We are very happy to introduce to you Anne Brekoo, a representative of the PhD cohort of 2023-2024. Here is a couple of words from Anne:
My name is Anne and I am a third-year PhD student in the ‘European Doctorate on Law and Economics’ at Erasmus University Rotterdam. My PhD research focuses on international criminal law, and specifically investigates the consequences of jurisdictional pluralism with respect to criminal behaviour.
As the cohort representative, I will act as the central contact person. So if you have any questions, feel free to reach out. My aim is to organise a range of social and academic events, to really create a sense of community amongst us young legal empiricists at an inter-university level. If anyone would like to help me out with this, please let me know because it would be great to form a small group for the organization of community-building events .
This time, the ELS Academy shines its spotlight on a fresh publication!
“Research Methods for Empirical Legal Studies: An Introduction” authored by Catrien Bijleveld is the feature of the moment.
Jessie Pool has graciously provided her thoughts on the work: “Bijleveld’s new book serves as an essential guide for both novice and experienced empirical legal researchers. It provides a solid introduction for beginners and offers valuable insights for advanced scholars. The book seamlessly combines theory with practical examples, making the complex field of empirical legal studies accessible for a broad audience.”
The book has found its place within the ELS library at Leiden Law School. Interested in obtaining your personal copy? Do so here: https://lnkd.in/es7vQknD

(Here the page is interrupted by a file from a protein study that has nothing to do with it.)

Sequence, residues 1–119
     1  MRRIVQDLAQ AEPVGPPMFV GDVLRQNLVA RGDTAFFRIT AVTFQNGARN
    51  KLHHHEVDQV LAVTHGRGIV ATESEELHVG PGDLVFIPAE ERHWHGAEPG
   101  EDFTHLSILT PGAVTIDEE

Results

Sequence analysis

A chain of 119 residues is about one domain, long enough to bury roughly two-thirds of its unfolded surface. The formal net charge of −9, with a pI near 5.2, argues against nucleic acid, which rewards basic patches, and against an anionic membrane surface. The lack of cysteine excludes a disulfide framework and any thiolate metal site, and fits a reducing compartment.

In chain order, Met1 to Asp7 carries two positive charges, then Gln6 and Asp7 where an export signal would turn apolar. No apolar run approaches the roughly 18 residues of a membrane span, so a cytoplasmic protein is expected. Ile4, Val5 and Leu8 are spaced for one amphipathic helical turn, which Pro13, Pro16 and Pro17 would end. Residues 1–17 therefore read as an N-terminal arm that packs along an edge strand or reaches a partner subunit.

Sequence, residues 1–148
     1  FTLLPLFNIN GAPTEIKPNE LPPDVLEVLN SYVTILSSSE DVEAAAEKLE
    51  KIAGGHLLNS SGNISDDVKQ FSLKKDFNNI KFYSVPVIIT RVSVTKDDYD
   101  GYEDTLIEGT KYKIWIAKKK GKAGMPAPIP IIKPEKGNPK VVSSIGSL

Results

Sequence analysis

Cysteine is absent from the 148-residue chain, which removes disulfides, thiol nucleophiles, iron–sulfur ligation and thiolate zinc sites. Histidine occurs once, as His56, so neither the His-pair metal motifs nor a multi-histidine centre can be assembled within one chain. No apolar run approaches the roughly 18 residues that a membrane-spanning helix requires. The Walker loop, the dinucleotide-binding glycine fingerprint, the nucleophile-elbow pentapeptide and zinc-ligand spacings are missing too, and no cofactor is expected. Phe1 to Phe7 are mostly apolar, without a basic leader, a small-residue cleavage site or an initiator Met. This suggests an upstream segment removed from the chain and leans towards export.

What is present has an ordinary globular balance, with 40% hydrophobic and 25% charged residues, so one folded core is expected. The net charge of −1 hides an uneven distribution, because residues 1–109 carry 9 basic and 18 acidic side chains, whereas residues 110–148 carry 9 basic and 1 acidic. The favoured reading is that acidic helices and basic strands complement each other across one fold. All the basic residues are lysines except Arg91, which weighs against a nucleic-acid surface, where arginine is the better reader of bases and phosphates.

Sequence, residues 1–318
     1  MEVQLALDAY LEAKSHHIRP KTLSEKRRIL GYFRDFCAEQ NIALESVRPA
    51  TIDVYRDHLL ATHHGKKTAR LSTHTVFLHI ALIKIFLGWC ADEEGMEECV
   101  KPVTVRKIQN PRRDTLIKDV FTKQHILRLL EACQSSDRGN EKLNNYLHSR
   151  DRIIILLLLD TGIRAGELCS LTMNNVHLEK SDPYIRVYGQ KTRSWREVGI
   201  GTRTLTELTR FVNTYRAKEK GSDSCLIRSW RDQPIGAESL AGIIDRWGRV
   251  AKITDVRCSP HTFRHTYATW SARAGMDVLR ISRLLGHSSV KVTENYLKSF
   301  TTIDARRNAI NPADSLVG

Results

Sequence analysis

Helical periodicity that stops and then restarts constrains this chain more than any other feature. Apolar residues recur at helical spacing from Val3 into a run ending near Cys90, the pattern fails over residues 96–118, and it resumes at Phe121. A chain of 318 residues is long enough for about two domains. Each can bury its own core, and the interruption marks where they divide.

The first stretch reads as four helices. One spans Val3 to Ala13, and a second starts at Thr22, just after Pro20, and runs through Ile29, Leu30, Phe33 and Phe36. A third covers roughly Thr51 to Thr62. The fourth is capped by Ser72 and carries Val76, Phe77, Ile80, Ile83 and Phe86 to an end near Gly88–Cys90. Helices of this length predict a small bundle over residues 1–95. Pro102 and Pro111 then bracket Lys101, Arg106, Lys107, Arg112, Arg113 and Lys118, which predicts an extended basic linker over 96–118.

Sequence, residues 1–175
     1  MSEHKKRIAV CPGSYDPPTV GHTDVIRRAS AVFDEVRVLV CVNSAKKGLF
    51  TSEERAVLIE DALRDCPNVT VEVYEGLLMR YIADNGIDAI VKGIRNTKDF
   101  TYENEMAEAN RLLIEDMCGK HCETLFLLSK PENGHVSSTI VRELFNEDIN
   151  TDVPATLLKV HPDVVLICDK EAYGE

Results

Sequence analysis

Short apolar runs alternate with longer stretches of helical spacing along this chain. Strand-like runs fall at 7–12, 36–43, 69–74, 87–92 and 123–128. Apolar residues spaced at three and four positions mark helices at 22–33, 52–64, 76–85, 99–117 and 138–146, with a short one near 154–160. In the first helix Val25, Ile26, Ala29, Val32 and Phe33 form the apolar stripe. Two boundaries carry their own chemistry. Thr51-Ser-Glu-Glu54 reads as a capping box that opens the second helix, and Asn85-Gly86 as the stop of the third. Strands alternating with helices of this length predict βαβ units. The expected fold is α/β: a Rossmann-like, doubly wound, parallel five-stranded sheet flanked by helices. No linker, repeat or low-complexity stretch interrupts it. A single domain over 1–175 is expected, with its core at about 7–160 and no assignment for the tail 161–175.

On September 27, the ELS Academy kick-off event for the PhD cohort of 2023-2024 took place in Utrecht.
Helen Pluut, director of the ELS Academy, gave the opening speech. She addressed the new cohort of PhD students, emphasizing how each of them is part of a growing community that gives an impetus to empirical legal studies in the Netherlands. She reflected on how Empirical Legal Studies is in a transition phase: there is an interest and ambition to do sound empirical legal research, but many who have this ambition do not yet have the background and training to do this. PhD students often do not have a supervisor who can guide them in this respect. As a national, interuniversity research school, the ELS Academy aims to fill this gap. Pluut explained how she hopes this cohort will feel part of a community and participate together in the events that are to come this year.
Professor Tom Tyler from Yale Law School responded by saying he wished they would have had a national program like this in the US. He then moved on to give an inspiring keynote presentation in which he combined insights from political psychology and social psychology to answer the very legally relevant question ‘Why do people obey the law?’ His impressive body of empirical work confidently demonstrates that legitimacy trumps risk as a predictor of compliance. It is the fairness of processes that legal authorities use (i.e. procedural justice) that shapes public behavior.
After the keynote presentation, the participants split into groups for the individual presentations of the PhD researchers.
Lunch at de Rechtbank was a great opportunity for the PhD researchers to get to know each other better and mingle with the senior members of the ELS Academy, and of course with Professor Tyler.
The afternoon resumed with more presentations by PhD researchers, with ample opportunity to brainstorm ideas and receive feedback on the methodology.
The last part of the program was definitely not the least: in ‘college tour’ style, Professor Kees van den Bos posed questions to Professor Tyler about for instance the formative years of his career, how to combine different disciplines, and his experiences with publishing and getting rejected.
After posing for a group picture, all participants celebrated the day and what’s to come with drinks and snacks.